Future of Project Management: The influence on PMO’s and Governance
The nature of work is changing, and with the increasing sophistication of artificial intelligence and robotics, jobs are being reinvented. Rapid advances in digital technologies mean that collaboration and communication through increasingly intuitive user-friendly interfaces could lead to fundamental changes in workplace structures and may offer new possibilities for productivity and creativity in the workforce. For project professionals and the PMO community, this presents two futures: firstly, increasingly capable machines replacing traditional professions and secondly, the reassuringly familiar.
Against this back drop the size and scale of projects and programmes is growing with ever more eye-watering budgets being demanded. Not only are these significant financial undertakings but also people investments, with an ever increasing workforce and supply chain organisations needed to deliver the investment. This poses a challenge for PMO’s and governance as the ability to control and hold accountability is near-impossible. Such large projects and programmes will result in a highly complex stakeholder field and being able to satisfy stakeholders’ needs and concerns with financial judgment will be challenging. Coupled with this, is the growing democratisation of projects with individuals providing commentary and criticism in the digital realm, which may be potentially lacking in accuracy. But this has the benefit of involving the stakeholders to interact with project decisions and for PMO’s to freely reveal data so that crowd-source ideas can be developed and ultimately implemented.
Collaboration and artificial intelligence, through the use of smart algorithms and mass data analysis, may provide the rigorous governance mechanisms required but will raise concerns over ethics and the moral compasses of project practitioners. This however will be a growing theme as the dawn of the Chartered Project Professional is near and mandates that an individually is ethically informed.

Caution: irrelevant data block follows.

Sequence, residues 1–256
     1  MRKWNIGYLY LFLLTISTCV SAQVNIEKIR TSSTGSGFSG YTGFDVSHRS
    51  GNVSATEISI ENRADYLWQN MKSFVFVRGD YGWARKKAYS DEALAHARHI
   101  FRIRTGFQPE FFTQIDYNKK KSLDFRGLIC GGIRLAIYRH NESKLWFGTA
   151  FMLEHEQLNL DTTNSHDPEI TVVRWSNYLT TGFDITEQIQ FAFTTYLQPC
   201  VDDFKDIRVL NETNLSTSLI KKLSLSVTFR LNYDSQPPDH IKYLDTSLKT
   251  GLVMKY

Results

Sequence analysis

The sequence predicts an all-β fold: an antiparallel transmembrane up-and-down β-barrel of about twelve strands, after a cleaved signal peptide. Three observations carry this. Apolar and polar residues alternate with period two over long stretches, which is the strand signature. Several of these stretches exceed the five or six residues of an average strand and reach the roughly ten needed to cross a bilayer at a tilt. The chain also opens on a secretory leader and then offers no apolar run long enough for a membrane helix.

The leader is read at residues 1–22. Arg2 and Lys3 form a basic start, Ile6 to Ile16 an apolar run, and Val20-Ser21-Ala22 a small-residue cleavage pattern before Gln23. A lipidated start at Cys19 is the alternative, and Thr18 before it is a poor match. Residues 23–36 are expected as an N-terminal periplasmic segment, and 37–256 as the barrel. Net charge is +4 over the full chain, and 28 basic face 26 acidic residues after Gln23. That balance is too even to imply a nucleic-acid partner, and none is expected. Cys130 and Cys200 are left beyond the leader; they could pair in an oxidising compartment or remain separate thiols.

Automation and human-machine collaboration is just one of the trends and drivers researched in Future of Project Management, the latest Foresight publication launched last week. The other trends included in the research – all impact the future of project management across social, technological and economic domains - include Globalisation and Virtual Teams, Open Innovation Culture, Diversity of Workforce, Gig Economy, Changing Corporate Culture and Digital Construction and Project Complexity.
The findings in FoPM present an optimistic, inspiring vision for the project management profession. Even in a future where professionals across the world have been gradually replaced by increasingly capable systems, core elements of project management will still provide an irreplaceably human combination of leadership, integration of specialists, and ethical behaviour.
Future of Project Management (FoPM) is a partnership and collaboration between Arup, The Bartlett School of Construction and Project Management at UCL, and the Association for Project Management, with crowdsourced inputs from the global project management community. It is a compilation of best practice, emerging trends, and forward thinking. We hope it will be a thought-leadership resource for project teams seeking inspiration to find a better way, and an interactive site for debate about change in the project management profession. Most importantly, we want to create a virtuous cycle prompting more research to provide fresh insight around the future of the profession.
As part of the series of Chartered papers that APM has been developing, it seemed appropriate and relevant to address the importance of technology to the development of our Chartered profession. The fifth in its Road to Chartered series is entitled “The robot profession – the role of project professions in the digital future’. This paper looks at the sort of principles that professions need to arm professionals with insight to the dynamics which successful digital transformation must address for success.
I encourage anyone involved in projects or delivering change to explore FoPM and share your thoughts and ideas.
Thomas Worsnop, project manager at Arup
Future of Project Management can be downloaded from www.arup.com/fopm.